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Archive for February, 2011

Thursday’s Photo Caption Contest

We’re excited to pass the winning torch to our reader  Michael P., whose caption met the high standard of our guest judge, National Archives editrix Maureen MacDonald.  

Congratulations, Michael P! You can use your 30% discount at the Archives eStore to buy something to read by lantern light.

The actual caption on the photo in the Kennedy Library is “Garnett D. Horner, reporter for the Washington Star and the out-going president of the White House Correspondents’ Association, presents two silver lanterns to President John F. Kennedy at the White House Correspondents’ Association Dinner, Sheraton-Park Hotel, Washington, D.C. The lanterns are replicas of the lanterns hung in the Old North Church of Boston on April 18 ,1775.” (Kennedy Library, photo by Abbie Rowe, AR6378-M)

Maureen, a Bay State native herself, gave Curtis P’s caption an honorable mention: “Now, Mr. President. I know you’re from Massachusetts, but I’m sure it’s ‘One if by land, two if by sea.’”

What’s the signal for bad weather in Massachusetts—and across the United States? Some of you are buried in snow, but these two ladies are ready for summer! Well, they’re ready for something. . . tell us what in the comments below!… [ Read all ]

Green Bay Packer, Detroit Lion, or US President?

These days, the average NFL player receives about $1.2 million a year, not a bad paycheck for throwing around the old pigskin. After all, that’s three times what the President makes (though he does get free limo rides), and plenty more than your average blogger does (sigh).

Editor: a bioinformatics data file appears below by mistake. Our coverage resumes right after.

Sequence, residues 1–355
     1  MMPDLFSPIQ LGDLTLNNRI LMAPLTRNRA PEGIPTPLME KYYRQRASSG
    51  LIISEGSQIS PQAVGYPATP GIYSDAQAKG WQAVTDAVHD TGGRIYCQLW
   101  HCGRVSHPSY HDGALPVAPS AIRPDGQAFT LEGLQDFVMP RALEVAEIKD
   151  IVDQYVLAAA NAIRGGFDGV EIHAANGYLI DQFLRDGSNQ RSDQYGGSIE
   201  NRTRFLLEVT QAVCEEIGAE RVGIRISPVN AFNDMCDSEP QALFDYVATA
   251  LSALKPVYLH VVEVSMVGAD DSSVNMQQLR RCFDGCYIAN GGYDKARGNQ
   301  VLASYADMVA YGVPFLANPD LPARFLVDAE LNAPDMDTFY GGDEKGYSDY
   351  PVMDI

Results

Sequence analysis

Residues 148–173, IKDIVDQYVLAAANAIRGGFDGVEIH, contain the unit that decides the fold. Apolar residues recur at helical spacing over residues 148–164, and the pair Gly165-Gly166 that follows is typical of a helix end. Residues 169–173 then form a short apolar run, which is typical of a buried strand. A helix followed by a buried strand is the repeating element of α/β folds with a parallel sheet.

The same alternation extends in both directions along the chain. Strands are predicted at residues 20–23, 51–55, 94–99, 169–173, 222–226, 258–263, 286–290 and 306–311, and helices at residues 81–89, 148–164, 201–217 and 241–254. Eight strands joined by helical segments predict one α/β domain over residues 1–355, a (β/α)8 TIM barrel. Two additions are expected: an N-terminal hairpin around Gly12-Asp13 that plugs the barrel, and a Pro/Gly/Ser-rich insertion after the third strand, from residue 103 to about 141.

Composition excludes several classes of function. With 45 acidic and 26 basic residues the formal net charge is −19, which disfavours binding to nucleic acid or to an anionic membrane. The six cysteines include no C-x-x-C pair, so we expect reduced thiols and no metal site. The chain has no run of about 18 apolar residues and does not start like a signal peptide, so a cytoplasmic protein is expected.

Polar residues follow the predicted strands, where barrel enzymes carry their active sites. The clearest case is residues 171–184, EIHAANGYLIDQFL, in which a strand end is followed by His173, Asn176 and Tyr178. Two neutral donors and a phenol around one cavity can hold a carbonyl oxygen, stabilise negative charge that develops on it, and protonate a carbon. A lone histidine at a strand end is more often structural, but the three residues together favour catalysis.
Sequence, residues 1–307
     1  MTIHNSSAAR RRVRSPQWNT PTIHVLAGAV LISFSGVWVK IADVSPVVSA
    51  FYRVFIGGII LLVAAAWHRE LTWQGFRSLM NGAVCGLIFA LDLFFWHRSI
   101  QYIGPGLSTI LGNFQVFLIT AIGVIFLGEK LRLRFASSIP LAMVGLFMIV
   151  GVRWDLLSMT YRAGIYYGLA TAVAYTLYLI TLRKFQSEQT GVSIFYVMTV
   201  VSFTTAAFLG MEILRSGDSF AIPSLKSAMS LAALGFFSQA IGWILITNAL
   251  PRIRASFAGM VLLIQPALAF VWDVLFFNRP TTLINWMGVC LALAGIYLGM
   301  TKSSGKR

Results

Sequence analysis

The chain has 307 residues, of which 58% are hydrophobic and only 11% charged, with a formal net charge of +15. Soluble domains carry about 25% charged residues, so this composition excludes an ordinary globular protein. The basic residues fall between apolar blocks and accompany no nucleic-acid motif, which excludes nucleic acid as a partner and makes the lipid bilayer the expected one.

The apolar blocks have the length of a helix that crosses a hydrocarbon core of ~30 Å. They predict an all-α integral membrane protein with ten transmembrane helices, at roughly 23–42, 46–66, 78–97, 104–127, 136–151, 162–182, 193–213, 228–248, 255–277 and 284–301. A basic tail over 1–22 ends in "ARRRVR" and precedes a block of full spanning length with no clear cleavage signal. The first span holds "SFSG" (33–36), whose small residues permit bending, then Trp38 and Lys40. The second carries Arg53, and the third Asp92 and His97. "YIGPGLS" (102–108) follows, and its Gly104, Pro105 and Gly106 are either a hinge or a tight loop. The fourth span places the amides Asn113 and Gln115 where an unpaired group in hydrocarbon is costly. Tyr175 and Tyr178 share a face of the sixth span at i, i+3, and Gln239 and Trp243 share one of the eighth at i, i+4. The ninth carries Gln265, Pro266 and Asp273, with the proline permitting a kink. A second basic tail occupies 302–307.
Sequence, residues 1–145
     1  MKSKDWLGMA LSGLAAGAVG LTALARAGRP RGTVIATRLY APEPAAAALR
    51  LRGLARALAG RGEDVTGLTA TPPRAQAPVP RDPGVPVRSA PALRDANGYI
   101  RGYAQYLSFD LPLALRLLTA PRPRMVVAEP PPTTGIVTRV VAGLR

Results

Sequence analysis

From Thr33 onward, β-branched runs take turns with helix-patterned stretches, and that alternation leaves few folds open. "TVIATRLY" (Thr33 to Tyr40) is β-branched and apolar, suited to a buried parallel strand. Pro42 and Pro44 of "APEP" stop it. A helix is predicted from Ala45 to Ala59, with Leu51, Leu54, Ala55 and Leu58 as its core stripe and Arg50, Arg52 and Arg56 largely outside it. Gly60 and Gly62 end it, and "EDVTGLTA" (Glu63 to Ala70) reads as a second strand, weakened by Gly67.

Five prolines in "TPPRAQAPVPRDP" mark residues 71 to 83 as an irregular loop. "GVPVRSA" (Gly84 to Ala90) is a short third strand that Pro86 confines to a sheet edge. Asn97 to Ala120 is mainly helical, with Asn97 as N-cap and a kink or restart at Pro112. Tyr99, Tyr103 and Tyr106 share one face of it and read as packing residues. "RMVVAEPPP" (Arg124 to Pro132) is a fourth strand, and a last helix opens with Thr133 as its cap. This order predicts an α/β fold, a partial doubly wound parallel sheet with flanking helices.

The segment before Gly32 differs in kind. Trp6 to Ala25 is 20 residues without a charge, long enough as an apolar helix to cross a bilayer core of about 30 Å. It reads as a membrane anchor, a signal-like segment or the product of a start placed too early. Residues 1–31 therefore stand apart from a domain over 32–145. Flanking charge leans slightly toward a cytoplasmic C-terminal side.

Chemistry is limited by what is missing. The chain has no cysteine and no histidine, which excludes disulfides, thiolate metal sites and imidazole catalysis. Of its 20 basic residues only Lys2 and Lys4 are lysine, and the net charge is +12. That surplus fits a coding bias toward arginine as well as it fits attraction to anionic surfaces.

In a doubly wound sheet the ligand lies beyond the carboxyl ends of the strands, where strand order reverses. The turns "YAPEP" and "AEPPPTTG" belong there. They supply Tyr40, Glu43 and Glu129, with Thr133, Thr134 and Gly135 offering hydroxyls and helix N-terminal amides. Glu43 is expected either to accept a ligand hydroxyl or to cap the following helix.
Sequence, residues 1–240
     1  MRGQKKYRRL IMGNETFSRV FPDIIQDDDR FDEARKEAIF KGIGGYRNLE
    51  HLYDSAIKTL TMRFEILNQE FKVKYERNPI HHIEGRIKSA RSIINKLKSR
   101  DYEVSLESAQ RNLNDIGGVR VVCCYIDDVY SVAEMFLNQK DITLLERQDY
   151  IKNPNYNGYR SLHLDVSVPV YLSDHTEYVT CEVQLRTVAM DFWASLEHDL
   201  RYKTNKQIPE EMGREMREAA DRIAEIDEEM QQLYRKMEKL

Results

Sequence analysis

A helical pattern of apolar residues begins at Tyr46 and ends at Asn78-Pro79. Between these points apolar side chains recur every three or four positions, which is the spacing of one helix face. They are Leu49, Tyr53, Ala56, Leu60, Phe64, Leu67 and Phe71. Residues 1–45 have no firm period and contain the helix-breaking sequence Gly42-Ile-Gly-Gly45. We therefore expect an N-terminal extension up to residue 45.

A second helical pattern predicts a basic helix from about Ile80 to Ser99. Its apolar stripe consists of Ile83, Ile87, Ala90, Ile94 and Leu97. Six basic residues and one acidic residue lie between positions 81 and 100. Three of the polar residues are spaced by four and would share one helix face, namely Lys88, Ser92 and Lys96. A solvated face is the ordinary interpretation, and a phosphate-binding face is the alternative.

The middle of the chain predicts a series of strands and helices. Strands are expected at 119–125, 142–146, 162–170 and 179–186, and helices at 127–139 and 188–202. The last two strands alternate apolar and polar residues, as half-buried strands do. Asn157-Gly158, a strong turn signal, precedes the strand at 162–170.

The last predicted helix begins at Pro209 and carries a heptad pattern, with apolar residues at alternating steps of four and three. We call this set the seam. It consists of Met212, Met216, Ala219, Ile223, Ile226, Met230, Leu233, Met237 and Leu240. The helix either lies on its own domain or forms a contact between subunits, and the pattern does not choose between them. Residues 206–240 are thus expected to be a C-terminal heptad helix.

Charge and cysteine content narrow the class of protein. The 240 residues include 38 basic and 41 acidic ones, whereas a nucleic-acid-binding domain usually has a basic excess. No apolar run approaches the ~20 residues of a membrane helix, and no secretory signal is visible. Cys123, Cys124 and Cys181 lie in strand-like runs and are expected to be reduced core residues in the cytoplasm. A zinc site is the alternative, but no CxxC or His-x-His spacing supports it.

But in 1935, playing football wasn’t the glitzy well-funded enterprise it is today. That’s the year the Green Bay Packers went looking for a center, and found future President Gerald Ford. They offered President Ford $110 bucks a game.  Over the course of a season—14 games—that means Ford would’ve squirreled away $1,540, about $24,000 bucks in 2011 dollars, if he had accepted the draft deal.

Ford declined this offer, and another offer from the Detroit Lions to play professional football, and instead made his way over into Yale to study law, then to the Navy to serve his country, then to the House of Representatives, and finally to the White House where, thankfully, the salary was a bit better.

You can learn more at the Gerald Ford Presidential Library’s Facebook page.… [ Read all ]